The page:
Whose Moral Relativism?

In the Hutong
Dry dry dry dry
1701 hrs

Uber-establishment public intellectual and Newsweek International editor Fareed Zakaria does a decent job calming the otherwise financially panicked in a pallative column from June 13.

What I found most intriguing about the article was the conclusion (proving, once again, that it does occasionally pay to read long essays all the way through,) where he explains that the West is in the throes of a crisis of morals as much (or arguably more) that a crisis of finance. When he first started this bit of his rant I shook my head. “Yes,” I thought. “We’ve all heard this before – the old Wall Street is an Ethical Wasteland argument, with Bernie Madoff, Allen Stanford, Alan Greenspan, Wall Street traders, and subprime mortgage brokers all trotted out as poster children.”

But then Zakaria pointed out that Wall Street was not alone.

“Most of what happened over the past decade across the world was legal. Bankers did what they were allowed to do under the law. Politicians did what they thought the system asked of them. Bureaucrats were not exchanging cash for favors. But very few people acted responsibly, honorably or nobly (the very word sounds odd today). This might sound like a small point, but it is not. No system—capitalism, socialism, whatever—can work without a sense of ethics and values at its core. No matter what reforms we put in place, without common sense, judgment and an ethical standard, they will prove inadequate. We will never know where the next bubble will form, what the next innovations will look like and where excesses will build up. But we can ask that people steer themselves and their institutions with a greater reliance on a moral compass.”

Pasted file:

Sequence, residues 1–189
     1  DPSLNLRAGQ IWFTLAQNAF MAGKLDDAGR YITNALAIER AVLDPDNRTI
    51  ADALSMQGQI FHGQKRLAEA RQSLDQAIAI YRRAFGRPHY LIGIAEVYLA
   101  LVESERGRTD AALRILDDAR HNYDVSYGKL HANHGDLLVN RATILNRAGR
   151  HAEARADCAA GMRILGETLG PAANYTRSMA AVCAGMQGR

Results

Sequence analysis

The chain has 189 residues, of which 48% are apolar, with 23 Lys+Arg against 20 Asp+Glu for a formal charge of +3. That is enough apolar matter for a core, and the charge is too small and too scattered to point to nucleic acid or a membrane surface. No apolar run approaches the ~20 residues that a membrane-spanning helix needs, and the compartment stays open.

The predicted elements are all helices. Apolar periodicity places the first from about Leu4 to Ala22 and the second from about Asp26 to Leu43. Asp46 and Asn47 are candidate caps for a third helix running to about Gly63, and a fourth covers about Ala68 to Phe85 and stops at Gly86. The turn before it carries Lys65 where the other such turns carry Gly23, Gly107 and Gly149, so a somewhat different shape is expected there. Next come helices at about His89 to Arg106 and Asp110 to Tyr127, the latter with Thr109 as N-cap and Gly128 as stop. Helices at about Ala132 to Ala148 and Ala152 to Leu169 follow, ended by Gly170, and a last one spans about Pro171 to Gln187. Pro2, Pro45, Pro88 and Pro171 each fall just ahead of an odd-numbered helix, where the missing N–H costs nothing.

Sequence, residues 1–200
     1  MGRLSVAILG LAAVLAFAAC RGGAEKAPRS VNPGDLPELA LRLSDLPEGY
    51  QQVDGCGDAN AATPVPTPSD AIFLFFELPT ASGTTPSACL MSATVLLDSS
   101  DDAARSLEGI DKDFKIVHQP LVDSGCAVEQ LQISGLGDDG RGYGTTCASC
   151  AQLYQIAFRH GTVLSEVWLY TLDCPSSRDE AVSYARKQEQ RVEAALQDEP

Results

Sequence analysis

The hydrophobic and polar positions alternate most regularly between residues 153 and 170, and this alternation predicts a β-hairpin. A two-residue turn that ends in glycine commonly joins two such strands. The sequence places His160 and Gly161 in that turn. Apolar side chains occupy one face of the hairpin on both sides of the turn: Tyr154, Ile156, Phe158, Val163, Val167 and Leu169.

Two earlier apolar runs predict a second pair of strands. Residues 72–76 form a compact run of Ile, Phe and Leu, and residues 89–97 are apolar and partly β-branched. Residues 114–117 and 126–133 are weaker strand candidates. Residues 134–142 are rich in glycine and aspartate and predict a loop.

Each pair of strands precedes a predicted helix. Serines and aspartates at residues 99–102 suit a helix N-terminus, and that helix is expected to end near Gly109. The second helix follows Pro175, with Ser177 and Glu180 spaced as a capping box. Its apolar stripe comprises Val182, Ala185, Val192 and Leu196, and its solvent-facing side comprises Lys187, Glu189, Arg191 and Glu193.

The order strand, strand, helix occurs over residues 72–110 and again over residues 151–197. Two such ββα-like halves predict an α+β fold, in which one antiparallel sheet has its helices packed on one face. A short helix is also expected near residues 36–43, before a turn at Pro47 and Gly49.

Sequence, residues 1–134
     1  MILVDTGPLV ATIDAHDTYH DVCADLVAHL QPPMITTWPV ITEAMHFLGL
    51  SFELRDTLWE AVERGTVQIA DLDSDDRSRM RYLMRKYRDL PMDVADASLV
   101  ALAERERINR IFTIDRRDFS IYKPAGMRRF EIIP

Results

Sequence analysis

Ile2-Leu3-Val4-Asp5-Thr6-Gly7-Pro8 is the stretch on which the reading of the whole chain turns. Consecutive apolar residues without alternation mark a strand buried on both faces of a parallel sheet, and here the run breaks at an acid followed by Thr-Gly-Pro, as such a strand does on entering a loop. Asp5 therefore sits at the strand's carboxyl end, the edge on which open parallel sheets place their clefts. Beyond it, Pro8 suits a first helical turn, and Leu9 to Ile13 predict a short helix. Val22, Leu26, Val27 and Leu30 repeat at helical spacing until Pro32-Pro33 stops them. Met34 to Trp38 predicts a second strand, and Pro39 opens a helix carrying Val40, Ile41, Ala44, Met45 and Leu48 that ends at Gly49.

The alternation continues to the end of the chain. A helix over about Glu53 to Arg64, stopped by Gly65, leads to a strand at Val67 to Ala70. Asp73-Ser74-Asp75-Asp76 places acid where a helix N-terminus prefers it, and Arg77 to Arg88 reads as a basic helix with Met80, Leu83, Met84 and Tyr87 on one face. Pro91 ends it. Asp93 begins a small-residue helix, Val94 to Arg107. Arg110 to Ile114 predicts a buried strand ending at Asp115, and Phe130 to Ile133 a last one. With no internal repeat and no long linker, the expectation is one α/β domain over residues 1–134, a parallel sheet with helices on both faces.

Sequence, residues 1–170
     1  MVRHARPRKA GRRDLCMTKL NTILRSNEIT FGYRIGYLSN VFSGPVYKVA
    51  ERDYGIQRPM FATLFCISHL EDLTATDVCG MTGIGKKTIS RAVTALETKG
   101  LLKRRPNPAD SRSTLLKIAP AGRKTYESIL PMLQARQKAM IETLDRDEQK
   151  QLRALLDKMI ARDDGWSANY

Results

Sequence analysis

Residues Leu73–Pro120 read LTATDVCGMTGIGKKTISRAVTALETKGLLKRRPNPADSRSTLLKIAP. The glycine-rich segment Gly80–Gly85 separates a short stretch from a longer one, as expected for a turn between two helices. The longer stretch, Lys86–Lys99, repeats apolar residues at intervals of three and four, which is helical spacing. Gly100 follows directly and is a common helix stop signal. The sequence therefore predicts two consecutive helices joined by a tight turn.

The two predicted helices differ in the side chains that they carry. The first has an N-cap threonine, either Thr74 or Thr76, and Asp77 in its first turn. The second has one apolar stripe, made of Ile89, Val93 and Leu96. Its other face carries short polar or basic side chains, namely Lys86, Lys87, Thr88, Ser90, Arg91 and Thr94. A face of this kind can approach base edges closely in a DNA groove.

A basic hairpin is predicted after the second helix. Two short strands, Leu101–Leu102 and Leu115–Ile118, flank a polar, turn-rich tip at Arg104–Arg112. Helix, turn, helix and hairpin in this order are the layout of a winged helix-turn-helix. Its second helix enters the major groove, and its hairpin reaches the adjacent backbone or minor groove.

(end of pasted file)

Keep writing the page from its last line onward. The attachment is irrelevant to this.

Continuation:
(Italics mine)

Leave aside for a moment the problem that when you start blaming society, you deflect the blame from the bad guys. I do not get the impression that this is Zakaria’s intent.

No More Higher Ground

Zakaria makes two points, one implicit, one explicit but not sufficiently so, that we need to take into account for China.

The first is one I have discussed and heard from other China hands over the past year. Anyone who thinks that Chinese leaders and the Chinese people are blind to the malfunctioning moral compass in the West – especially in the wake of current events – is wrong. If we ever were in a position to preach, either at a systemic, enterprise, or personal level, we have lost that position.

And that means that any American who excoriates corruption in China will be dismissed as a hypocrite; any foreigner who tries to explain to a factory owner why it is better to make produts safer will be held to a higher burden of proof; and any executive trying to preach the importance of integrity and ethics to a recent recruit will face annoyed skepticism.

The Law of Rules

But the larger point – the one I do not think Zakaria makes plain enough – is that rule of law is not all that we have made it to be. As we talk about China’s development, we attach to the concept of “rule of law” a Holy Grail-like quality, as if the quest for the rule of law, as much as finally attaining it, will be the answers to many of China’s major social challenges.